Partner: Romford shooting verdict 'brushes police errors under the carpet'
- Credit: Ellie Hoskins / Met Police
A jury has ruled that the police shooting of Romford father Richard Cottier was a lawful killing - but does that verdict tell the full story? His partner Melissa doesn't think so.
On Wednesday morning (June 9), Melissa Cottier’s daughter turned around and came home three times before she eventually made it to school.
Less than 24 hours earlier, a jury had ruled police were justified in killing her father.
“My kids have got to go to school struggling with it,” Melissa told this paper. “It’s a hard thing to accept.”
An inquest into the death of Richard Cottier heard evidence of police errors and an allegation that a witness’s statement had been partially fabricated.
But before deliberating, jurors were instructed that only one “short form” verdict was open to them - lawful killing.
This, they were told, was because the evidence showed the officers who shot Richard “honestly believed” he posed a threat.
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“I was so upset,” Melissa said of the verdict. “I came home and had to tell my children. That was hard.
“I did expect there to be a narrative conclusion. I think that would have been the kindest outcome.”
Night of the incident
Richard, 41, was shot by police on April 9, 2018, at an Esso petrol station in Collier Row.
Melissa, his partner of 23 years, told jurors he was a “loyal” and “loving” father who suffered “bouts of depression”.
Unbeknownst to Melissa, Richard was using cocaine and steroids in his final days.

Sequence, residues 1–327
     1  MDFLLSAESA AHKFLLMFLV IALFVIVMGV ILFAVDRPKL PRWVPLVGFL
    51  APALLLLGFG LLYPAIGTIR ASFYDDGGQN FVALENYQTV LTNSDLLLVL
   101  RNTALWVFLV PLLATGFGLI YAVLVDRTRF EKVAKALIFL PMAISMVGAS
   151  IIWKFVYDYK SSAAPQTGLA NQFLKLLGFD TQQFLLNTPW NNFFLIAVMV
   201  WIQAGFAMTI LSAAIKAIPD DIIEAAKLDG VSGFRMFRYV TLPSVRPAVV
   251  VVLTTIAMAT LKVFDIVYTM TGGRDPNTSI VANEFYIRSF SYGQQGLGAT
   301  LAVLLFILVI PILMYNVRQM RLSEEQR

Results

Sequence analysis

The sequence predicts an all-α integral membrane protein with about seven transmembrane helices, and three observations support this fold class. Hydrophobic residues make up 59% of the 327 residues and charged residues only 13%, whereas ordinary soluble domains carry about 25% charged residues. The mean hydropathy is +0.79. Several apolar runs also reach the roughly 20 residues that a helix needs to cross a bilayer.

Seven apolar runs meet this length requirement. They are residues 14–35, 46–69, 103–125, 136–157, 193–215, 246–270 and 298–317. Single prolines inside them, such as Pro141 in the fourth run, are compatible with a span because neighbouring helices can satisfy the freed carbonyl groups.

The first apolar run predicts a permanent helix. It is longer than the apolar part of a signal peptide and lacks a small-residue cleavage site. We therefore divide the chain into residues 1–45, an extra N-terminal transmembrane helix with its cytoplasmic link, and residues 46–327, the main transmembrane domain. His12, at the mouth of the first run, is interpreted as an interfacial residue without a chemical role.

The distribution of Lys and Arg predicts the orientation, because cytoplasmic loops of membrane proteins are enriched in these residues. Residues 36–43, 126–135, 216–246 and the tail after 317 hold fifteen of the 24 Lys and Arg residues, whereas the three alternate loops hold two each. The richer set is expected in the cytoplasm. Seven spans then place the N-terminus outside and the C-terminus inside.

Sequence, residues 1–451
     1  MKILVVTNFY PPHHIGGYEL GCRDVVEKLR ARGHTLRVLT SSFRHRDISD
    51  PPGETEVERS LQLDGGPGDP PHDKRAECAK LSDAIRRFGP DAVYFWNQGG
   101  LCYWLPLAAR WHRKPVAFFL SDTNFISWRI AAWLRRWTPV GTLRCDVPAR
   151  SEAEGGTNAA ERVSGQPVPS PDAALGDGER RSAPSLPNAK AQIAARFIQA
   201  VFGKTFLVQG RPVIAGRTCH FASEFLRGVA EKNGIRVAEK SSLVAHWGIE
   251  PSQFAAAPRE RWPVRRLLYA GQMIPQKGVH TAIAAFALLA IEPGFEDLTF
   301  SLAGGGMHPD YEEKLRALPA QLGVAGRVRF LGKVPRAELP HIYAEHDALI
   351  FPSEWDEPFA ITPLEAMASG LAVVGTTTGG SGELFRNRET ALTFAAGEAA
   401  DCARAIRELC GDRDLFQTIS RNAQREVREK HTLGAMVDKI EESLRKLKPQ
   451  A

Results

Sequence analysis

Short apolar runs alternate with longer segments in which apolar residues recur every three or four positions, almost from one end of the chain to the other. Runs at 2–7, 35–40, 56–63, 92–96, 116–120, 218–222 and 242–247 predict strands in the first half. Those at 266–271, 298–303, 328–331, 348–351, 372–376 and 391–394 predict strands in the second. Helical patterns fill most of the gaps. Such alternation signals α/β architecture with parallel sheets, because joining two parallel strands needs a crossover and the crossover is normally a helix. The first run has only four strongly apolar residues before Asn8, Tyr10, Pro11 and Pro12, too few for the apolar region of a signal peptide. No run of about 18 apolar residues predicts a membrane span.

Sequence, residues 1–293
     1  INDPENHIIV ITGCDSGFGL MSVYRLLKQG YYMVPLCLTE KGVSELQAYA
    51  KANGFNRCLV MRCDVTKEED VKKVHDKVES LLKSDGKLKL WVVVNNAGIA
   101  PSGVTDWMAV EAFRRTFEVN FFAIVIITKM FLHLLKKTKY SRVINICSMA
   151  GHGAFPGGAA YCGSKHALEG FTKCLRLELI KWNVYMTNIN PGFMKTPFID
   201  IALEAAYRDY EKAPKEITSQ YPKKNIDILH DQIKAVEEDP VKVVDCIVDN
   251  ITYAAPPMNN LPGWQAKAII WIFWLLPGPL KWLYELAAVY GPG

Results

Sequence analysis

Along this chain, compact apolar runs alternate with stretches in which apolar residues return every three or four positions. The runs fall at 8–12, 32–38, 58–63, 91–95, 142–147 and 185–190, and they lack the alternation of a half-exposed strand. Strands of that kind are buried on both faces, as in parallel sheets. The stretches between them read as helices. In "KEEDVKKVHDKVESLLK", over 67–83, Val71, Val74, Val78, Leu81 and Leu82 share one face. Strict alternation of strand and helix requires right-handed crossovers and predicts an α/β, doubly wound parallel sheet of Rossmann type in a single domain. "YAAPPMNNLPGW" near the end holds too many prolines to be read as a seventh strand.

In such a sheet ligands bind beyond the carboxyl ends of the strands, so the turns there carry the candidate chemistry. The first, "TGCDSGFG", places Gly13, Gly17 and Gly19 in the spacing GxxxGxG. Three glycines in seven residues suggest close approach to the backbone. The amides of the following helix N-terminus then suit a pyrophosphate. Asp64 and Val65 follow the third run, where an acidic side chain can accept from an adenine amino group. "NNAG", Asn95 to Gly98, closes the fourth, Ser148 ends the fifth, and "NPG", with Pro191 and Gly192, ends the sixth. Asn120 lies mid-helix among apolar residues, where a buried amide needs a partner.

At around 4am on April 9, 2018, he woke Melissa.
He said he had called police and told them he had a gun.
Barely awake and “in a panic”, Melissa called the police back.
She told jurors she recognised the gun he was holding as an air rifle Richard and his brother had played with as children.
The Recorder has obtained police records showing what happened next.
Seconds into her 999 call, Melissa stated: “Me and my kids are in no danger.”
She repeated the sentiment three more times during the short call.
But the call handler wrongly transcribed her comments as “I’m in danger”.
A strategic firearms commander – who had the final say over whether armed officers should be deployed – testified that the information from the computer had then been relayed to him over the phone.
An officer told him Richard was threatening to kill his partner and children.
He accepted this had helped him form the view the incident was a possible “domestic armed siege”, escalating its seriousness.
When a firearms officer called Melissa back, she reiterated: “I am safe. He wouldn’t do anything to me and my children.”
Asked how she knew his "firearm" was fake, Melissa replied that Richard had always told her it was, she had never seen any bullets for it and she had never seen him shoot it.
The gun was later found to be an air weapon legally considered capable of lethal force, but which would not require any permit.
Melissa was correct – it had no ammunition.
After Richard’s initial 999 call, the case was not logged as a firearms incident.
A tactical firearms commander testified that Richard seemed like "someone that was suffering from mental health, versus a criminal in possession of a firearm”.
It was only after Melissa called police to tell them that the gun was not real, not loaded and her family was not in danger, that a firearms incident was declared.
The inquest heard this was because her call had corroborated the existence of an item which might be a firearm.
From then on, police assumed it was real.
Officers testified that they had concerns about the reliability of Melissa’s information.
One, PC Matt Bishop, said he doubted her because he thought she might be drunk.
Melissa had told him that the previous afternoon she and her mother had shared a bottle of wine - but PC Bishop said people speaking to the police have often drunk more than they admit.
The court heard the seriousness of the incident escalated again when Melissa reportedly told police Richard was going to a nearby petrol station to commit an armed robbery.